Sim Bhullar is used to people staring at him.
At 7-foot-5 and 360 pounds, Bhullar's big frame draws attention everywhere he goes. Even for him, though, the last few days have been unlike anything he has ever seen.
As the first NBA player of Indian descent, Bhullar has attracted a worldwide audience since signing a 10-day contract with the Sacramento Kings. He's fully aware of the cultural significance and wants to make the most of the opportunity — for himself, his family and every kid in India with a basketball and a dream.
"It's a big moment in the history of the NBA and the history of my country in India," Bhullar said following Sacramento's morning shootaround Friday. "I know my family's going to be proud of me and everybody's going to be proud of me and cheer me on the court."
Bhullar's visibility has soared. At one point Thursday, he was trending on Twitter. He said he finished the day with about 20,000 mentions, including from Indian celebrities.
"I got a phone call yesterday and the first thing the person said was, 'How does it feel to be the most popular person on Earth?"' Bhullar said. "That's what it feels like right now. All the e-mails are blowing up on my phone. I walked into the gym and my battery was at like 95 per cent and I left after my workout yesterday and it was like 5 per cent. My whole phone was just buzzing for that hour-and-a-half I was in the gym."
Bhullar, who has spent this season with the Reno Bighorns of the NBA Development League, will have more eyes on him Friday night when the Kings host the New Orleans Pelicans.
The game is being shown in India, though Bhullar is not expected to play a large role. Instead, Kings coach George Karl told him to prepare to play a few minutes behind all-star centre DeMarcus Cousins and other veterans.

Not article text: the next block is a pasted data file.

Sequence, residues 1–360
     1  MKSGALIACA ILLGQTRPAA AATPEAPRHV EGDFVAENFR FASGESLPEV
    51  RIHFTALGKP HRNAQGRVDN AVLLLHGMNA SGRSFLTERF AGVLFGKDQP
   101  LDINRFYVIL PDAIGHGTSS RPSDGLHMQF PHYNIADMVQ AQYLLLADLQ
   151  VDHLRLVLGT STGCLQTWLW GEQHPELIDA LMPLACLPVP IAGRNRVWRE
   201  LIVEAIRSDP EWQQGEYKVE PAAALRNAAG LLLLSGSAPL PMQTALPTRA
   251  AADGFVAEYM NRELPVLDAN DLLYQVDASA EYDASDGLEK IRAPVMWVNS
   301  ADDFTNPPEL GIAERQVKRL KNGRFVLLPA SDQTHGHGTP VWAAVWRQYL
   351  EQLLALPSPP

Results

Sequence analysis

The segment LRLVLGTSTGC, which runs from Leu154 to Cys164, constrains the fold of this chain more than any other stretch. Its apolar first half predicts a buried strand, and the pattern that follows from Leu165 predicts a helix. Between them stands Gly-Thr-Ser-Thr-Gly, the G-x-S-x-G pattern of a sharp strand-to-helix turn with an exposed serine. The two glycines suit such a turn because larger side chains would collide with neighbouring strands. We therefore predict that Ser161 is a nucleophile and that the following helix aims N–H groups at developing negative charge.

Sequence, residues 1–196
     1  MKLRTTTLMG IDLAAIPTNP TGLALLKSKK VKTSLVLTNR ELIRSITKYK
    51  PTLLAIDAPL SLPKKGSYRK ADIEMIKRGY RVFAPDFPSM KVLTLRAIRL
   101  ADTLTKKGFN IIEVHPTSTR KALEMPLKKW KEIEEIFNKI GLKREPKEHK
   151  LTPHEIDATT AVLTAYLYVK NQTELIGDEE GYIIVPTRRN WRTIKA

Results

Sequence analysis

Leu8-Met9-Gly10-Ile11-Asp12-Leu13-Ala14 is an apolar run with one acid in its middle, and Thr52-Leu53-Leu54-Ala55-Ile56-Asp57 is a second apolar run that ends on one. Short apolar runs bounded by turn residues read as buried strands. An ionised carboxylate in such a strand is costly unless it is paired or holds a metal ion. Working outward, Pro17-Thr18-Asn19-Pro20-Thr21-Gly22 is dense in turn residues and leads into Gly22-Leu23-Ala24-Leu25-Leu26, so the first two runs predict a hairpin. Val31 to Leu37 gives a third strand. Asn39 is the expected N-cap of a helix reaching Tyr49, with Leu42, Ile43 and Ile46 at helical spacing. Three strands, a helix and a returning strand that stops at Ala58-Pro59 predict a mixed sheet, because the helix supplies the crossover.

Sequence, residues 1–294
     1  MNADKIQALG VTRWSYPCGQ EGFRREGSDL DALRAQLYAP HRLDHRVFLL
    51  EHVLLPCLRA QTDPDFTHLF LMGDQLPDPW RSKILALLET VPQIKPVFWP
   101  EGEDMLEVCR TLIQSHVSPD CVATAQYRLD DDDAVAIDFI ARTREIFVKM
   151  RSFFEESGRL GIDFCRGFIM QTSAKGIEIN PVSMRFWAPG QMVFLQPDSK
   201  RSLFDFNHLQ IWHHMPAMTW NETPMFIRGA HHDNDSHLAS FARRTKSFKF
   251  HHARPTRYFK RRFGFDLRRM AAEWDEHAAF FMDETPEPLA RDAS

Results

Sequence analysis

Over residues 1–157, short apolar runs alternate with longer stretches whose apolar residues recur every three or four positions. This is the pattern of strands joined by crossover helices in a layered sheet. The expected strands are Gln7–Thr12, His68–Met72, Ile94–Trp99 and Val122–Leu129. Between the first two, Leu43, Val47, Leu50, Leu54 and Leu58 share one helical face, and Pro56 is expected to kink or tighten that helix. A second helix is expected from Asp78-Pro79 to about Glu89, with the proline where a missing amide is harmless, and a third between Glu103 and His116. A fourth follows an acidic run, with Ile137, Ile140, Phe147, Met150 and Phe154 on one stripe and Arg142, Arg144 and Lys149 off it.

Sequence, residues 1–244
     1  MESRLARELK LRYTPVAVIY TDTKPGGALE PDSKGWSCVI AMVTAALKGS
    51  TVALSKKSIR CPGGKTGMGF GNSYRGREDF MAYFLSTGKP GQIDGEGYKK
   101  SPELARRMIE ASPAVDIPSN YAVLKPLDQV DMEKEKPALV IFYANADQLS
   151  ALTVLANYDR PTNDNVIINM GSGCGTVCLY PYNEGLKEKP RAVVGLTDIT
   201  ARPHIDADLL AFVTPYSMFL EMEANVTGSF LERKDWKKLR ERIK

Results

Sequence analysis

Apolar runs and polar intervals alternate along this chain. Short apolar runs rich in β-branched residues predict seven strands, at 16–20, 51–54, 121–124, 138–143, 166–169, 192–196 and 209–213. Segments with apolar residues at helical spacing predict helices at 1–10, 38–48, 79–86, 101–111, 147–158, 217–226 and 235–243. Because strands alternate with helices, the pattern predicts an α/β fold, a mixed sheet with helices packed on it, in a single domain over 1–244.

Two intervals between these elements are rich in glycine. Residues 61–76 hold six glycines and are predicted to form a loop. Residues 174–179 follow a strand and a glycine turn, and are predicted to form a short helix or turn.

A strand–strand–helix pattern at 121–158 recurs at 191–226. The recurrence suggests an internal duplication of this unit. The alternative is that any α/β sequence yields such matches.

"I'm just enjoying it right now. I don't feel any pressure at all," Bhullar said. "I know there's a lot of people — probably a billion people — that will be watching the game. I'm just going to enjoy my time on the court and have fun right now."
Bhullar was born in Toronto to Indian-born parents and played AAU basketball with two recent No. 1 overall picks from Canada — Andrew Wiggins and Anthony Bennett. He spent two seasons at New Mexico State, twice winning Western Athletic Conference tournament MVP and leading the Aggies to back-to-back NCAA Tournament appearances.
Undrafted last year, Bhullar joined the Kings in training camp before signing with Reno. He's averaging 10.3 points, 8.8 rebounds and 3.8 blocks in the Bighorns' fast-paced system, which he said has whipped him into better shape — along with his improved diet.
"I needed that to develop. I think my game's really at its peak right now. I'm ready to go out there and show what I have," Bhullar said.
Sacramento is intrigued by Bhullar's size and heritage. Kings owner Vivek Ranadive is the NBA's first Indian-born owner and is trying to expand the league's presence in his native country, which he calls the league's "next frontier."
The NBA opened its first office in India in Mumbai in October 2011. The league says that, according to the Basketball Federation of India, basketball is the second-fast growing sport in the cricket-crazed country (behind soccer) among boys and girls.
A notable NBA player with Indian roots would certainly help expand the league's popularity in India, and Bhullar believes he can be that guy.
The Kings consider Bhullar a project. The 22-year-old centre has worked on his conditioning and on keeping up with the pace of the professional game, which remains an issue, but he has shown spurts of being a valuable presence in the middle — particularly with all the space he occupies on defence.
He's just the eighth player in the NBA to measure at least 7-foot-5 and, according to Basketball Reference, has the heaviest listed weight in league history. While he's thankful for all the attention, Bhullar hopes one day people can look past his size and heritage and appreciate his game just as much.
For now, he's just happy to live every basketball fan's dream of playing in the NBA. Everything else, he said, will change in due time.
"I'm just enjoying the ride right now," he said. "It's a great feeling."